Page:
Message from the Chair
Welcome to the Fall 2023 edition of the Department of Ophthalmology InSight Newsletter. In the rhythms of our department life, during the fall, we fully engage in all aspects of our mission, including our research, educational, and clinical activities.
The research spotlight in this issue shines on Associate Professor Mike Manookin, PhD, and his lab’s work to understand the computational circuitry of the retina. His work will be critical to efforts to restore vision in the coming years.
In our patient care feature, we introduce three new faculty who joined us this fall – Assistant Professors Brian Chou, MD, MA; Tony Chung, MD; and Chris Fortenbach, MD, PhD.
In our philanthropy feature, learn about how Suzanne Ragen has supported our department through her volunteer work with the Community Action Board and, most recently, her generous support for the establishment of the Brooks and Suzanne Ragen Endowed Faculty Fellowship in Ophthalmology this year.
Our department is proud of our fellowship programs. In our education feature, meet Dr. Jeannette Stallworth, this year’s pediatric ophthalmology fellow, a Bellevue native who has come home for her subspecialty training.
Russell N. Van Gelder, MD, PhD,
Boyd K. Bucey Chair, UW Medicine Department of Ophthalmology
Director, Roger and Angie Karalis Johnson Retina Center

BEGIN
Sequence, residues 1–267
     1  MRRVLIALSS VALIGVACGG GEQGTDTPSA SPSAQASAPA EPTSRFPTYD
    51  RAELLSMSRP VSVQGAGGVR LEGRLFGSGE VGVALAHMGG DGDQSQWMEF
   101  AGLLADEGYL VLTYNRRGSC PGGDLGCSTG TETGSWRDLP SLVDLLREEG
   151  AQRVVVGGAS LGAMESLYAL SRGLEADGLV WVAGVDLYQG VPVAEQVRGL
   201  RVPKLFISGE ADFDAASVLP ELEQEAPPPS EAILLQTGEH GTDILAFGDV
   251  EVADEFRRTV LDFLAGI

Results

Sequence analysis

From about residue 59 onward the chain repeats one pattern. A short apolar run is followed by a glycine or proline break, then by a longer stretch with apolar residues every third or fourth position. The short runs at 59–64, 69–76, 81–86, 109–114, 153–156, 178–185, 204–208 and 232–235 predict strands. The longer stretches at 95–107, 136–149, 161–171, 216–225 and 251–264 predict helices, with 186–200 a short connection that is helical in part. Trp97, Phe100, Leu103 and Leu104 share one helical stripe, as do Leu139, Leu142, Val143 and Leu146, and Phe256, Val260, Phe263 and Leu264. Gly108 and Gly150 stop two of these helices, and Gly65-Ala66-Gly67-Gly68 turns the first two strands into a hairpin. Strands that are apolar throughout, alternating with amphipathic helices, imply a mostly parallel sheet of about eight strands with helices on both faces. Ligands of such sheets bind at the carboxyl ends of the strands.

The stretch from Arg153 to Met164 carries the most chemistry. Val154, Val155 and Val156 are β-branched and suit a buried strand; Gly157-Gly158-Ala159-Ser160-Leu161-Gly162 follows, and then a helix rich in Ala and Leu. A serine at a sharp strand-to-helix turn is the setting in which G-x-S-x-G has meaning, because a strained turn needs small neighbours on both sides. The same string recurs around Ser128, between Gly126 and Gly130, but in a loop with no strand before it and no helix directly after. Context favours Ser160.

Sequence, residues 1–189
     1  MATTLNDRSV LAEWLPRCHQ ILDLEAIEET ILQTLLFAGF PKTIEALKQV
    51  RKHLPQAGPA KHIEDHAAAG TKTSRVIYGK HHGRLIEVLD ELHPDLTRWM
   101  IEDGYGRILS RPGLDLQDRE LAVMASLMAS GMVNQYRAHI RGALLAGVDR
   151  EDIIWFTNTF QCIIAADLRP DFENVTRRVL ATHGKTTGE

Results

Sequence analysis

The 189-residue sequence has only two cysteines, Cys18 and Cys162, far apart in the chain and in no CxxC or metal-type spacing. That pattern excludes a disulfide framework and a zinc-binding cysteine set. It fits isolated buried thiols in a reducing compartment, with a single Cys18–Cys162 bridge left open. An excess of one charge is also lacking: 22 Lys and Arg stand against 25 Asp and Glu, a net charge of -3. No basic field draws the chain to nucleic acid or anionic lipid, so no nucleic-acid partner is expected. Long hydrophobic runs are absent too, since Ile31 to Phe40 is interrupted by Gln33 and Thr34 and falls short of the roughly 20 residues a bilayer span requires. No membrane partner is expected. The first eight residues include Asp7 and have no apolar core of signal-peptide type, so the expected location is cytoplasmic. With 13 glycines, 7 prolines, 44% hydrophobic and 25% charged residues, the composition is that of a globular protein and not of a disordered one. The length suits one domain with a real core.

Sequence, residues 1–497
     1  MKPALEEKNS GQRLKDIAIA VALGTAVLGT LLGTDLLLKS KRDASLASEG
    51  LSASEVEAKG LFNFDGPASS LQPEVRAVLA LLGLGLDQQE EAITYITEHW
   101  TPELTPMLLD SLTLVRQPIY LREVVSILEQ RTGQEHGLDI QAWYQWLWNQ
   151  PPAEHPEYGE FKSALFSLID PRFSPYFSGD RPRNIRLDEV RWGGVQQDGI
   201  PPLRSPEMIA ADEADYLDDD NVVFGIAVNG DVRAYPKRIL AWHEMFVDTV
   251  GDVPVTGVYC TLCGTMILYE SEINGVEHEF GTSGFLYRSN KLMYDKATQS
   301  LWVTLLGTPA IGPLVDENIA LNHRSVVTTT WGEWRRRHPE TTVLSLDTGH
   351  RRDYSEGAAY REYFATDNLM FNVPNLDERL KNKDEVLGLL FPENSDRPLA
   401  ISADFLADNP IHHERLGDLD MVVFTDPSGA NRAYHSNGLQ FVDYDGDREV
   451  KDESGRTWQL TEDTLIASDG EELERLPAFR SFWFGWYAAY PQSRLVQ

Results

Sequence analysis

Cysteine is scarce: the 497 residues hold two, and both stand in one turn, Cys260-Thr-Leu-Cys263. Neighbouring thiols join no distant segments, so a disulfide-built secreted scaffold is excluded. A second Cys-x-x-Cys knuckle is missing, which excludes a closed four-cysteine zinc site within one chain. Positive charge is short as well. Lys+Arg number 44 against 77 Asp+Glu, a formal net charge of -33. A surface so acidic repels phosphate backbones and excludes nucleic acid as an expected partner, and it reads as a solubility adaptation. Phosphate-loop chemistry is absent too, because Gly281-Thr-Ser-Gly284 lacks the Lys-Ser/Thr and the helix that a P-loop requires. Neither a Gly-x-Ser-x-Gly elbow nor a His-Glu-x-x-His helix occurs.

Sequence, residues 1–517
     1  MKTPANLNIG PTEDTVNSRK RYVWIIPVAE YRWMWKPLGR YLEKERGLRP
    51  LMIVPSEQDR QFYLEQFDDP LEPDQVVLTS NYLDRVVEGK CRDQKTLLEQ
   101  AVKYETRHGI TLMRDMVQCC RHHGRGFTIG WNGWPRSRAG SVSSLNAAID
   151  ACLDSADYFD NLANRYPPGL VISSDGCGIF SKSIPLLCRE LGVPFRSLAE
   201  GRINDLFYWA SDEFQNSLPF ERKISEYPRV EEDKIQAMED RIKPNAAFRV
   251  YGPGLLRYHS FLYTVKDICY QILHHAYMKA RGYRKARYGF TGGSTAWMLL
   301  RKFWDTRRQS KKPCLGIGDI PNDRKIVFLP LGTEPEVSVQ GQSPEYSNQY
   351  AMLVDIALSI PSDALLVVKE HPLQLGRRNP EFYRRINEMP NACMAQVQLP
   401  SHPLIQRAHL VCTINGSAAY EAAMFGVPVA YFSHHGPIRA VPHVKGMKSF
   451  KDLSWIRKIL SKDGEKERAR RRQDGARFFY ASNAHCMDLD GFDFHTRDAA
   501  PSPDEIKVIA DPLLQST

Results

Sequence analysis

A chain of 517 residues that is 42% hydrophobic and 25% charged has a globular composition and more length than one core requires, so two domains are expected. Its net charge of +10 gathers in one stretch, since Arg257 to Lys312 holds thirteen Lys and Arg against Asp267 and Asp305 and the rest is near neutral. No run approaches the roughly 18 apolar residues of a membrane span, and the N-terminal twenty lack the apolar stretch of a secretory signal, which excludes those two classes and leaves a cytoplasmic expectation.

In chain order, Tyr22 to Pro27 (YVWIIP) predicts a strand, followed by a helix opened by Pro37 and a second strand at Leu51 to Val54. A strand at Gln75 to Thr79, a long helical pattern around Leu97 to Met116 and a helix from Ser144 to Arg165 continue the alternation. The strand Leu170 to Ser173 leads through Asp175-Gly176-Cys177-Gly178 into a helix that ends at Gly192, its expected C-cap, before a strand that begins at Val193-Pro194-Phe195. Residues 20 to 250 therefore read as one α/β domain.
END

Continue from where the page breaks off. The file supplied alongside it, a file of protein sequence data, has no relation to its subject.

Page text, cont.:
Research: Manookin Lab is furthering understanding of the retina
Finding a way to restore vision lost to eye disease is the overarching goal of Associate Professor Mike Manookin’s research at the Vision Science Center at South Lake Union.
“The goal is to understand the retina well enough to restore vision in disease states,” says Manookin. “We currently don’t have a deep enough understanding of the retina to restore function following blinding disease.”
To do that, we need to know the retina's circuitry, Manookin explained.
“There's been progress made in some animal models, but less so in humans in learning what information different retinal circuits are encoding and how disease affects them,” he says.
The Manookin laboratory investigates the function and connectivity of neural circuits in the retina using techniques including electrophysiology, calcium imaging, and electron microscopy.
Working in collaboration with Research Associate Professor Ethan Buhr, PhD, and Adjunct Professor Fred Rieke, PhD, Manookin is recording the electrical activity of light sensitivity in neurons of the retina to help learn how we can stimulate light sensitivity. His research is partly supported by grants from the National Institutes of Health.
Manookin says there are over 80 different neuronal types in the human retina. These form the components of the specialized circuits that transform the signals from photoreceptors into a neural code responsible for our perception of color, form, motion, and, thus, visual experience.